The other semi-final fight featured Dutch Kickboxer Alistair Overeem who had found a weapon in the guillotine choke as of late. His guillotine submission of both Vitor Belfort and Igor Vovchanchyn impressed many. On his feet, he used his height and footwork well and his ground game looked solid. He had the unique distinction of being the only non-Brazilian left fighting for the tournament, but was ready to be the only one standing at the end. His opponent was another fighter on a roll and a protégé and teammate of Wanderlei Silva. Mauricio "Shogun" Rua has the size, age, and skill to be champion. His destruction of 2003 Grand Prix runner-up Quinton Jackson left many shocked. And his close, but terribly exciting battle with Antonio Rogerio Nogueira provided the ultimate boost leading up to the semi-finals. The two young fighters were ready to make history!
To folks not keen on the BJJ scene, Fabricio Werdum is an unknown fighter. In his debut at Pride 29, Werdum had the unenviable task of facing super heavyweight wrestler Tom Erickson. In that fight, not only did Werdum dominate the larger wrestler but won by submission. As #1 Heavyweight contender Mirko "Cro Cop" Filipovic's BJJ coach, Werdum was a relative unknown to MMA fans, but after this victory his stock soared. His next opponent would be a Red Devil Sport Club member making his Pride debut. Training with Pride Heavyweight champion Fedor Emelianenko, Roman Zentsov brought an immediate "warning light" to any opponent. He was coming off a couple of defeats, but was rumored to have really been focused to do well in his debut. The Fedor and Cro Cop teammate battle would end via a textbook submission.
In Japan , they really take to heart the hero versus villain fight. Sometimes even to the point of an obvious mismatch. David "Tank" Abbott is a fighter that first established himself in the United States fighting for the Ultimate Fighting Championship (UFC). In his "heyday" during the mid to late 1990's Abbott became one of the UFC's most popular fighters. Despite amassing a sub .500 match record and usually coming in very out of shape a colorful Abbott would always be most "fans" favorite. To his credit, he did step up on short notice on several occasions to fight. His right hand was as strong as they came too. The hero he would try to beat was one of Japan 's better fighters and a true fan-favorite. Hidehiko Yoshida was a judo Olympic champion that had successfully transitioned to a solid MMA fighter. His ground technique was as good as they came and his stand up was really coming along. The fight between hero and villain would end rather "suspiciously", but not to anyone's surprise either.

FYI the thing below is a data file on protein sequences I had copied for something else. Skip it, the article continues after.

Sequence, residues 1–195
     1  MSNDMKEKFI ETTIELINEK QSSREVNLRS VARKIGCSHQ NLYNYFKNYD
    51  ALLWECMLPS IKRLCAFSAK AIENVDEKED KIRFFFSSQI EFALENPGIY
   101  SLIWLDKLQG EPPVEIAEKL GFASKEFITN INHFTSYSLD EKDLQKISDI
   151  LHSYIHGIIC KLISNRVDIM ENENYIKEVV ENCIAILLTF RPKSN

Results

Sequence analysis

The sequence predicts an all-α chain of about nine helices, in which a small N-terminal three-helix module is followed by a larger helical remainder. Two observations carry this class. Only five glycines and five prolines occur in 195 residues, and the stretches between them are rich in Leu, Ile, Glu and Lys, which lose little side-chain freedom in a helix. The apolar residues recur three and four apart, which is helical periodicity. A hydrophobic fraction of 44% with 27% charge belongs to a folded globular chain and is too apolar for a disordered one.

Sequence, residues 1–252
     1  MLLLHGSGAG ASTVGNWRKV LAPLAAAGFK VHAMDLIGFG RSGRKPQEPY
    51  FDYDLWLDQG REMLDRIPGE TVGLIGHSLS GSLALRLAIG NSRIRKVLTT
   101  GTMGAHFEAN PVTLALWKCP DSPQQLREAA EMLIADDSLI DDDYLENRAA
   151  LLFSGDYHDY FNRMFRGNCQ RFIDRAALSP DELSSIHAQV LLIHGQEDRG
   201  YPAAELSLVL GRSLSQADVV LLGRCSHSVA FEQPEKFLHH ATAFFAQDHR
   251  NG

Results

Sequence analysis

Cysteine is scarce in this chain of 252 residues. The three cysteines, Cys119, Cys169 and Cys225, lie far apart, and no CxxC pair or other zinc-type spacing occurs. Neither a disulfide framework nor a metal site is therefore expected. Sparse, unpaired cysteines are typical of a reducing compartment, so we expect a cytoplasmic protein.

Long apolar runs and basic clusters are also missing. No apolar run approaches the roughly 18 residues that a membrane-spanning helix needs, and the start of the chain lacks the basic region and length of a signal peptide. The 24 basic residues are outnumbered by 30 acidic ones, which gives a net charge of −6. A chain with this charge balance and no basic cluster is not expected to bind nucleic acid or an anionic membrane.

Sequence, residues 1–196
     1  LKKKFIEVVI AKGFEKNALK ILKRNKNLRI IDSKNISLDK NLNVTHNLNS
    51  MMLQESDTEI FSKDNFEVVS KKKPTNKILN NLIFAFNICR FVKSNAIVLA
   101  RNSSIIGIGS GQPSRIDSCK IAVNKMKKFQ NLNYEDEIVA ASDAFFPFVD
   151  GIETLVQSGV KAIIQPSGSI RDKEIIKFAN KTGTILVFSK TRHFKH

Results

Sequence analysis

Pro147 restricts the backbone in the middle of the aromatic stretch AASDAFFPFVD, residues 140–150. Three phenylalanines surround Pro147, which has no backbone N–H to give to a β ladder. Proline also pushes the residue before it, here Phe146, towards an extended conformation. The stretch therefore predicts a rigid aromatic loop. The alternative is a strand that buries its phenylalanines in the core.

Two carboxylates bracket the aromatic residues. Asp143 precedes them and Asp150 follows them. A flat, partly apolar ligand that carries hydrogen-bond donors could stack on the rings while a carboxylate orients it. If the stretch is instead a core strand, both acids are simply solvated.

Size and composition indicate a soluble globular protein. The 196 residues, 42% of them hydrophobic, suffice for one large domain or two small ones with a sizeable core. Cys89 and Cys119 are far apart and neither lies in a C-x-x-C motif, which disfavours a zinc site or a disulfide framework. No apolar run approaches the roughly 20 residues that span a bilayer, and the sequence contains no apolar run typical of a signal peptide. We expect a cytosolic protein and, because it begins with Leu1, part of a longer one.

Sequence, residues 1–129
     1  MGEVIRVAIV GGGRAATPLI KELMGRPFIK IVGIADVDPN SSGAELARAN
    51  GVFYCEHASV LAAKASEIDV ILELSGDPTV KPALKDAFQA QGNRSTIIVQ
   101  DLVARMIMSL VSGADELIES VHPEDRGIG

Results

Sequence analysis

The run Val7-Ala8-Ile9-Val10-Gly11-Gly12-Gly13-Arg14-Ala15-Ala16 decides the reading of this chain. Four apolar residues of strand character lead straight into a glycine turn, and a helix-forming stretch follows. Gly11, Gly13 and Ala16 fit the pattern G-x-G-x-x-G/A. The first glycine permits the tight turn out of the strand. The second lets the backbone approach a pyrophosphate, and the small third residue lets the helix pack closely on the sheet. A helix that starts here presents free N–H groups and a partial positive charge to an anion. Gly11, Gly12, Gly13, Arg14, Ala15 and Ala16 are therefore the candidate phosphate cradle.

The beauty of this particular card was that it contained essentially two main events in one. The Grand Prix Final, crowning a deserved champion and the Heavyweight Championship battle between two of the most dangerous fighters in the world. Fedor Emelianenko has been the man to beat in MMA since his crushing defeat of Antonio Rodrigo Nogueira at Pride 25 in March of 2003. Fedor's dominance of top-notch opposition coupled with an uncanny ability not to tire or get hurt was part of his impressive arsenal. As a sambo stylist, his submissions were slick and his hands were like to sledgehammers. To this point no one had come close to beating him, but to this point no other fighter as dangerous as Mirko ""Cro Cop" Filipovic had faced him. Cro-Cop had his eyes on Fedor and his championship for a while now. His fight against Fedor would have to be a long one as he would face a couple of losses along the way. With hard work though and a string of impressive victories, Cro Cop finally had his shot. This encounter would live up to the hype and wow many fans with the power unleashed by both fighters
The main event, the 2005 Middleweight Grand Prix championship would end in very dramatic fashion, crowning a deserved champion and putting an exclamation mark on an impressive night"
FEDOR THE RUSSIAN EXPERIMENT!!!!
francisco olalde | elgin illinois | 03/29/2007
(5 out of 5 stars)
"This DVD has to be one of the best is fully loaded with quality fights. Fedor vs Cro Cop is a classic, Fedor is unhuman he is without question the best fighter in the world yes including ALL UFC fighters. Also you will get to see Mauricio "shogun" Rua this kid is amazing and he is the next superstar in MMA"
Juan Manuel Tello Contreras | México | 03/27/2007
(4 out of 5 stars)
"The final Conflict Championships have 3 excellent fights especially Emelianenko vs Cro COp. Buy it worth every dollar"